Furniture Designer: Born March 27, 1886 in Aachen, Germany, as Ludwig Mies, he is known as one of the foundering masters of Modern Architecture. He looked for rational design expressed through a minimum of materials allowing the structure to define the space. Using modern materials, he defined open interior spaces with industrial steel and plate glass. With the idea that buildings should be “skin and bones” architecture he is famous for the observations, “less is more” and “God is in the details”.
Beginning his understanding of design he worked at his father’s stone-carving shop along with some local design firms before moving to Berlin to work at the office of interior designer Bruno Paul.
His architectural apprenticeship began in Peter Behrens studio where he stayed from 1908 to 1912. Here he worked alongside Walter Gropius, founder of the famous Bauhaus and Le Corbusier, famous in their own right as leaders of the Modernist Design Movement.
It was during this time that his talent as a designer was recognized by Berlin’s cultural elite who began to provide him with independent commissions. Seeking to distinguish himself from his tradesman’s beginning he added “van der” and his mother’s surname “Rohe” to his name becoming Ludwig Mies van der Rohe.
As he began to design upper class homes, he shunned the day’s common use of eclectic and cluttered classical styles and instead embraced the simplicity of early Nineteenth Century German domestic styles characterized by broad proportions, incorporation of rhythmic elements along with an awareness of manmade to natural materials following Karl Schinkel’s use of simple cubic volumes.
World War I and its aftermath led to a re-examination of architects of that time wishing for their built projects to typify an expression of a new social order rather than an out-dated and discredited social system. Progressive in their thinking, they looked to architectural solutions that incorporated rational problem-solving expressed through materials and structure rather than a disconnected ornate façade layered over the structure of the building.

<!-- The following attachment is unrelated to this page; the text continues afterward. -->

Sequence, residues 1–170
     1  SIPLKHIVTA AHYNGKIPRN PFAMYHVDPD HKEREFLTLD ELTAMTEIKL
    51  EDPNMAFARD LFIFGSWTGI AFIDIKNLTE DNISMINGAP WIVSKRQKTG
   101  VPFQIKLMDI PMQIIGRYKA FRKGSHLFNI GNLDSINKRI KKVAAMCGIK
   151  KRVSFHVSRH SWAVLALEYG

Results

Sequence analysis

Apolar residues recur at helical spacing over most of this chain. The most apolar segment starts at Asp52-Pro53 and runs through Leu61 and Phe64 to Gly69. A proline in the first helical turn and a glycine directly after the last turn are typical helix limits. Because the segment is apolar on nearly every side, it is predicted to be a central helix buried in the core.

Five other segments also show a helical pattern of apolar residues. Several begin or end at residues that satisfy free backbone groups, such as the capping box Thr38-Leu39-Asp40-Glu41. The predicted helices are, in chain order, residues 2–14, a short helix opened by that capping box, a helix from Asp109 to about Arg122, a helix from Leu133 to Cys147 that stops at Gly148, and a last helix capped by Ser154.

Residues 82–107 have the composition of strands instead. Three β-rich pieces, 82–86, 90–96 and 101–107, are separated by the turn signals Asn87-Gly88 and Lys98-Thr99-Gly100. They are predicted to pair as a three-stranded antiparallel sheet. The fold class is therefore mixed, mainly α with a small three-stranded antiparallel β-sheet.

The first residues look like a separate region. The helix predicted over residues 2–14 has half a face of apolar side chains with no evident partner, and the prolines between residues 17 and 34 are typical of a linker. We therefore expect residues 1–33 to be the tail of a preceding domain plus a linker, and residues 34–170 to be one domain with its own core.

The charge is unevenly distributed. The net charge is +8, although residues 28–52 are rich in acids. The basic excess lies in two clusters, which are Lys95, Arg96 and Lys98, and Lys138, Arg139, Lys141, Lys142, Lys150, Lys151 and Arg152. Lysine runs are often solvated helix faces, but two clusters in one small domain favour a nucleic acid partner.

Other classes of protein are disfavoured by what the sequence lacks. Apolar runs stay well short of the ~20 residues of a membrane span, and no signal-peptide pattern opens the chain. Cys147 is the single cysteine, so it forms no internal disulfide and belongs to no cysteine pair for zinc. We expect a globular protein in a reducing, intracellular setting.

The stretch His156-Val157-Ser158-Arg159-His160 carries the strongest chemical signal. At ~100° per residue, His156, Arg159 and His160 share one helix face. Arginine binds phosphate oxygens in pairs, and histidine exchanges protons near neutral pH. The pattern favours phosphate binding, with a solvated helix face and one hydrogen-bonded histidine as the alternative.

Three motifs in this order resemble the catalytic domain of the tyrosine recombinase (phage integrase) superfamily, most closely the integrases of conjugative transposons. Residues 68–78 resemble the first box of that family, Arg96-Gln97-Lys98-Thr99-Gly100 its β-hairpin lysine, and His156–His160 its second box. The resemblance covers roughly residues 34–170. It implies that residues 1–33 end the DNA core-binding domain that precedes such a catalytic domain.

As Mies continued to experiment in this direction, his architectural design became known as a leader in giving expression to the spirit of this new emerging modern society.
It was in 1921, that he abandoned completely his traditional neoclassical designs and produced the all glass Friedrichstrabe skyscraper. This was followed by an even taller version ,the Glass Skyscraper in 1922.
After his next two projects the German Pavilion for the Barcelona exposition, 1929 and an elegant villa in Brno, Czech Republic, 1930, he found his commission opportunities dwindle after the worldwide depression after 1929. Though he served briefly as the last director for his friend’s Walter Gropius Bauhaus, it was closed in 1933 due to Nazi pressure. They decided that both the school and his architectural style to not be “German” in character.
Discontent to remain, he relocated to Chicago, Illinois to serve as the head of Chicago’s Armour Institute of Technology (later renamed the Illinois Institute of Technology – ITT). Here, he would develop the Second School of Chicago influencing the architectural community in North America and Europe for decades to come.
He designed new buildings for the school’s campus most notably Crown Hall as well as the residential towers of 860-880 Lake Shore Drive, the Chicago Federal Center complex, the Farnsworth House and the Seagram Building in New York.
Exploring the relationship between materials and structure, he strove to define a building with as little ornamentation as possible allowing materials to express themselves.
Along with his impressive body of architectural works he also designed modern furniture pieces incorporating his design ideas of modernity. Using new industrial technologies he produced the “Barcelona” chair and table, the “Brno” chair and the “Tugendhat” chair. Working closely with the interior designer and his companion, Lilly Reich he mixed high end materials like leather with chrome frames that employed structural elements similar to that of a building. His use of cantilevering connections allowed for a feeling of lightness reinforced by delicate structural frames much as the same design techniques he employed in revealing the interior space of The Farnsworth House.
Remaining in Chicago throughout his career in the United States, he died on August 17, 1969. The main body of his work is on display at the Museum of Modern Art as well in the Ryerson & Burnham Libraries at the Art Institute of Chicago.